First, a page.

SoFi’s Gone Well Beyond Its Student Loan Days 

  • The Biden administration is considering extending the pandemic pause for federally-backed student loans beyond May 1
  • SoFi Technologies (NASDAQ:SOFI) CEO Anthony Noto believes it will do more harm than good
  • Investors shouldn’t worry about what this means for SOFI stock

In early March, White House Chief of Staff Ron Klain stated that President Biden might extend the freeze on federal student loan payments beyond the May 1 deadline. While that might seem like bad news for SOFI stock, it really won’t have much of an effect on the company’s overall business.

SoFi logo at their headquarters location. SOFI stock.
Source: Michael Vi / Shutterstock

 

“‘SoFi is in the business of student loans,’ Noto stressed in an interview with Yahoo Finance. ‘So we get impacted by this indecision. But that’s not the motivation. SoFi is going to be fine either way. … We achieved over a billion dollars of revenue in all of 2021 in our first full year of profitability on an EBITDA basis, all while the federal student loan program has been on hold.’”

That doesn’t mean SoFi CEO Anthony Noto shouldn’t be annoyed with the president for his indecision on the issue

Since March 2020, according to Noto’s March 17 blog post, the suspensions have cost taxpayers $150 billion. He makes some excellent points about what should happen on this front.

Either way, SoFi’s business is doing just fine. Here’s why.

SOFI SoFi Technologies $9.25

SOFI Stock and Its Student Loans

As Noto pointed out in his blog post, both the economy and its student loan business are in good shape. 

“As President Biden touted in his State of the Union address, the economy grew at a rate of 5.7% last year; more than 6.6 million jobs were added; unemployment fell at its fastest pace on record; and the number of workers filing for unemployment insurance declined by more than 70 percent,” Noto stated. “At SoFi, 98.9% of our borrowers are making monthly payments on time versus the 15% that were in forbearance in March 2020.”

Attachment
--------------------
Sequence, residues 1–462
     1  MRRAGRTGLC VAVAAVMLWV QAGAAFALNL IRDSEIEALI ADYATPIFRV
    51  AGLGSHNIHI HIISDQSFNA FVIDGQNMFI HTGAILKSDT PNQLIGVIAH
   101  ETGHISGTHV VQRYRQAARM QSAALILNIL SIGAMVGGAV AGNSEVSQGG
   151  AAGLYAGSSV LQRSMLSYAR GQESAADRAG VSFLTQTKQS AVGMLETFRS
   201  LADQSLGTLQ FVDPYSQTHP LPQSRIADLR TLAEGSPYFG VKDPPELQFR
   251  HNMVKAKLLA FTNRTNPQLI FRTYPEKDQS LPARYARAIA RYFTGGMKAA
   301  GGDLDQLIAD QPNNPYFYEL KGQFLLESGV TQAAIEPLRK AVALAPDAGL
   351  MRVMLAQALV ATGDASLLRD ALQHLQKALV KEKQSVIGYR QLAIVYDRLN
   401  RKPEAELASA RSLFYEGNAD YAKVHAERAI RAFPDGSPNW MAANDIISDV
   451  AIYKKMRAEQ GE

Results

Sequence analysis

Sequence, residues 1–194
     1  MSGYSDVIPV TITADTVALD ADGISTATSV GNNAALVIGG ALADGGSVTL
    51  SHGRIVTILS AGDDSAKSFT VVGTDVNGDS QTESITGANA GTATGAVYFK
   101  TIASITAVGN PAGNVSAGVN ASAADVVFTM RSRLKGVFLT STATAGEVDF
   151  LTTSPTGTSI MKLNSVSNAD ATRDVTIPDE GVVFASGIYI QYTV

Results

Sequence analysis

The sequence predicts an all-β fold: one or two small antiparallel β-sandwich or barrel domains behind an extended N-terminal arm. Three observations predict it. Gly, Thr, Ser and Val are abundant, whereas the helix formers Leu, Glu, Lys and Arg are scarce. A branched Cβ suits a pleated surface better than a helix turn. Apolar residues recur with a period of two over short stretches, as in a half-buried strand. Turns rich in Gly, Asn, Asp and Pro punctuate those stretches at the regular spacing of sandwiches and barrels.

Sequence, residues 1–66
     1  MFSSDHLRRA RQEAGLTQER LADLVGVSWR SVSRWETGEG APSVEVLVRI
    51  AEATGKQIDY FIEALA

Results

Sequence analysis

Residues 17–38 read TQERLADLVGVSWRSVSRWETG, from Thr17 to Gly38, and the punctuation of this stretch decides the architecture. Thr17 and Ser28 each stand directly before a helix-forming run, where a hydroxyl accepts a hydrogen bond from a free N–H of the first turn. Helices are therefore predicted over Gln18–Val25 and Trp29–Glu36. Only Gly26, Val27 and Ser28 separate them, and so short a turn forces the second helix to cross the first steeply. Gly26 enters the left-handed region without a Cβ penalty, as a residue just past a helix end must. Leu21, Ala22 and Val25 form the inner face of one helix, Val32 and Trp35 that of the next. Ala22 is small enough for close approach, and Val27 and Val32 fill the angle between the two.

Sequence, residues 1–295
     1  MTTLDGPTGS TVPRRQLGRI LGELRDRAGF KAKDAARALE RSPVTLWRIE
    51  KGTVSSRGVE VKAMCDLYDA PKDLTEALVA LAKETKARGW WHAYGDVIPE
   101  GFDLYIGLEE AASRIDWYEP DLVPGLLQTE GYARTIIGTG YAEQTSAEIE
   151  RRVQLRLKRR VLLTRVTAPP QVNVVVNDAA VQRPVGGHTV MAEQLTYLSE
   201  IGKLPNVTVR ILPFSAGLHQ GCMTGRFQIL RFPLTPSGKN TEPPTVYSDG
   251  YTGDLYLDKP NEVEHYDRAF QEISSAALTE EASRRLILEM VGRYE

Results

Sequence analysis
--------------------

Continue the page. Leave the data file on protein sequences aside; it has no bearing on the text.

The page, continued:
So, 1.1% of its loans aren’t getting paid on time at the moment, compared to 15% in March 2020. That’s quite an improvement. The company reported Q4 2021 results at the beginning of March. Several points need mentioning when it comes to student debt.  

In the three months ended Dec. 31, 2021, it originated $1.46 billion in student loans, 51% higher than in Q4 2020. For all of fiscal 2021, it originated $4.29 billion in student loans, down 13% over 2020. The company managed to grow originations by 51% in the fourth quarter despite the Biden administration extending the pause until May 2.  

On pg. 8 of its Q4 2021 report, SoFi’s guidance suggests a $32.5 million (midpoint of guidance) hit to revenue in the first quarter of 2022, along with a $22.5 million drop in contribution profit.  

Yes, it’s a headwind, but it’s not going to make a difference in the long run.

The Rest of Its Business

Pg. 77 of the company’s 2021 10-K gives you a good idea of how much SoFi’s business has grown over the past three years. It has three reportable segments: Lending, Technology Platform, and Financial Services. The segments have three-year revenue growth of 72.4%, 24,414%, and 1,389.7%, respectively. Its technology platform barely existed three years ago, while financial services contributed just $3.9 million in net revenue.